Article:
Two New Ways to Exploit a Fixed Browser Fingerprinting Flaw


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Fingerprinting issues in web browsers are a complex matter. There are so many ways to fingerprint users, and most fingerprint tricks are very hard or impossible to mitigate. Also, fingerprinting issues have much lower impact on users, compared with high-severity issues like RCE, UXSS. For these reasons, browser vendors usually do not fix fingerprinting issues. However, there is one fingerprinting issue that Chrome did fix. That fingerprinting issue is not new and was fixed long time ago. However, I later discovered two different ways to bypass the original fix. This talk will first briefly review the original fingerprinting issue, and then focus on discussing the details of the two bypasses, and the relevant patches. One bypass has been fixed in all major browsers, but another is still unfixed. A short demo using the unfixed bypass will be shown.


In this talk, I want to talk about two fingerprinting vulnerabilities in browsers, and the lessons I learned from them. One vulnerability is CVE-2016-5137 and CVE-2016-9071 (they are the same vulnerability, but the first is in Chrome, and the second is in Firefox); the other vulnerability is an unfixed one in Chrome. As I mentioned in the abstract, both vulnerabilities are bypasses of an old fingerprinting vulnerability. This old fingerprinting bug is CVE-2016-1617, aka Sniffly, which was discovered by Yan Zhu, and she talked about that vulnerability on ToorCon 2015.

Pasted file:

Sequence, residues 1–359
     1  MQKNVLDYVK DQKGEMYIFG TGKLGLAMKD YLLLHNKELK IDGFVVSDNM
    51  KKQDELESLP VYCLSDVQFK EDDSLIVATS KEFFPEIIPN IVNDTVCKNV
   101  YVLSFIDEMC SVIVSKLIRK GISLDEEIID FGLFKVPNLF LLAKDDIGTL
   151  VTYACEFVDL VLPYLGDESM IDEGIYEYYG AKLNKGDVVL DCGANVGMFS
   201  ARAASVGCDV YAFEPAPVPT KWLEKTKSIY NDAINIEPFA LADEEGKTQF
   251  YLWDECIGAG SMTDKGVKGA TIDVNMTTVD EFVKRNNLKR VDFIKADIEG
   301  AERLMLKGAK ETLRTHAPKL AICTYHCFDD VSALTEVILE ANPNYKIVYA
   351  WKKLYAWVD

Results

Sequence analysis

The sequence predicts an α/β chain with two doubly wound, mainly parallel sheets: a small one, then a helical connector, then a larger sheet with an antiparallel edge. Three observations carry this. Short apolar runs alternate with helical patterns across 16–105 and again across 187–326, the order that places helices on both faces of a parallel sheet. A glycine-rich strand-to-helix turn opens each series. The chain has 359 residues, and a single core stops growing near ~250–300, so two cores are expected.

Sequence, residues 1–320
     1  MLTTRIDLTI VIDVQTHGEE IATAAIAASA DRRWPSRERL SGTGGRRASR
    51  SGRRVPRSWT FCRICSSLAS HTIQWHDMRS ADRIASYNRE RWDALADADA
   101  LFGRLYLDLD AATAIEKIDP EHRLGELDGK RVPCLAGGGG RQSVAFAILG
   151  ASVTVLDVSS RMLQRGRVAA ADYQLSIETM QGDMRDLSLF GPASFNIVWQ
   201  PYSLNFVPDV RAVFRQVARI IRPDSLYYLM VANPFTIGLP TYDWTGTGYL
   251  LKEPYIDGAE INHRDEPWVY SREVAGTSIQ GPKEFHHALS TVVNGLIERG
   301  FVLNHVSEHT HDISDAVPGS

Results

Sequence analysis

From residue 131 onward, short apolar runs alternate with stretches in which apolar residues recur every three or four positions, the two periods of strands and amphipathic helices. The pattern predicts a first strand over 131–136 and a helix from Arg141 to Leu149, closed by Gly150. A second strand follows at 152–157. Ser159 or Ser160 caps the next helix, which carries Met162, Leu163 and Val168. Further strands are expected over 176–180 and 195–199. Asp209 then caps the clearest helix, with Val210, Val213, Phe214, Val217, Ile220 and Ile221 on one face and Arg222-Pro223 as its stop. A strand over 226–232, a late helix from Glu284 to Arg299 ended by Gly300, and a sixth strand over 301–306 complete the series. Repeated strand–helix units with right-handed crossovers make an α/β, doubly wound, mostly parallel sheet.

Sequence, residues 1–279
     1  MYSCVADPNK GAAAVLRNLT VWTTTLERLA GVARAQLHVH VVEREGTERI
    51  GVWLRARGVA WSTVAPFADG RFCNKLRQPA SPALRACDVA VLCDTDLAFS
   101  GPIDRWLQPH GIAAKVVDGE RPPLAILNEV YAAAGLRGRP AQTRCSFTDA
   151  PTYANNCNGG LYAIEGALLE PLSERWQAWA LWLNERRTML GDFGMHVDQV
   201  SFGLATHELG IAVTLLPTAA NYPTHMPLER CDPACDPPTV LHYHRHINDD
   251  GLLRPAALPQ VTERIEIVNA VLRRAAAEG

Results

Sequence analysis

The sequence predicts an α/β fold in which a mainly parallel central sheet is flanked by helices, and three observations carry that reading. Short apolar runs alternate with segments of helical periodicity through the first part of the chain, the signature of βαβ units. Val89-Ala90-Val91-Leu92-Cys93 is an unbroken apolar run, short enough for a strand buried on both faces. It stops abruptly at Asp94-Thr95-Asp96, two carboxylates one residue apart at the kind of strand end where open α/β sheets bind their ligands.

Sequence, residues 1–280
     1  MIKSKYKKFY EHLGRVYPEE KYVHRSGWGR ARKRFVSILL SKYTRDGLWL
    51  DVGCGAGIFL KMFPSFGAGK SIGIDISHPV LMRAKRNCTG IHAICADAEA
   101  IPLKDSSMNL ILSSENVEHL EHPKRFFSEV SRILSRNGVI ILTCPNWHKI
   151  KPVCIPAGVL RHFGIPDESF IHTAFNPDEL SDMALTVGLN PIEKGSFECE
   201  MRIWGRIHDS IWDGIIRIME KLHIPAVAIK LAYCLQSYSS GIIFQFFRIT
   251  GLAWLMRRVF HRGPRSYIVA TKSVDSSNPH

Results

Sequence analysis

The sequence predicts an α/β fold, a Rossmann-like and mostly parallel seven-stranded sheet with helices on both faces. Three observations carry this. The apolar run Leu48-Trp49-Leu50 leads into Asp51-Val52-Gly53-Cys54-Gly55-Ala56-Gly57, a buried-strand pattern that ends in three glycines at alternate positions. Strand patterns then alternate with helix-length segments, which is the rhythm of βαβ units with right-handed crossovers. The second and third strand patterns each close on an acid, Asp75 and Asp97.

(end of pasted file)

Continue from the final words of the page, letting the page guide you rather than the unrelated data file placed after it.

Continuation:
Here is the flow of my talk with approximate time spent in each part:

  • introduction (2 min)
  • go over very basic concepts about CSP, HSTS, redirects (4 min)
  • talk about the original Sniffy attack CVE-2016-1617 (4 min)
  • discuss the source code of the patch for Sniffly attack (3 min)
  • talk about Bypass 1, including the vulnerability itself and its patch (7 min)
  • talk about Bypass 2, including a demo (7 min)
  • conclusion and takeaways (2 min)
  • question and answer (remaining time)

Xiaoyin Liu


Xiaoyin Liu is an independent security researcher and bug bounty hunter. He obtained his Bachelor of Science degree in mathematics and computer science from the University of North Carolina at Chapel Hill, in United States. He is mostly interested in hunting logical vulnerabilities in web browsers and other client applications on Windows. He has been acknowledged by Microsoft, Mozilla, Google, Brave Inc., Tor project, for multiple vulnerabilities found in IE, Edge, Firefox, Chrome, Brave, and Tor Browser. Besides bug hunting, he also likes to contribute to various IT communities, such as open source projects and IETF working group discussions on mailing lists. He is acknowledged as a contributor to RFC 8446 (TLS 1.3 spec) and RFC 8442. This talk at BSides Munich 2019 is his first talk given at an IT security conference.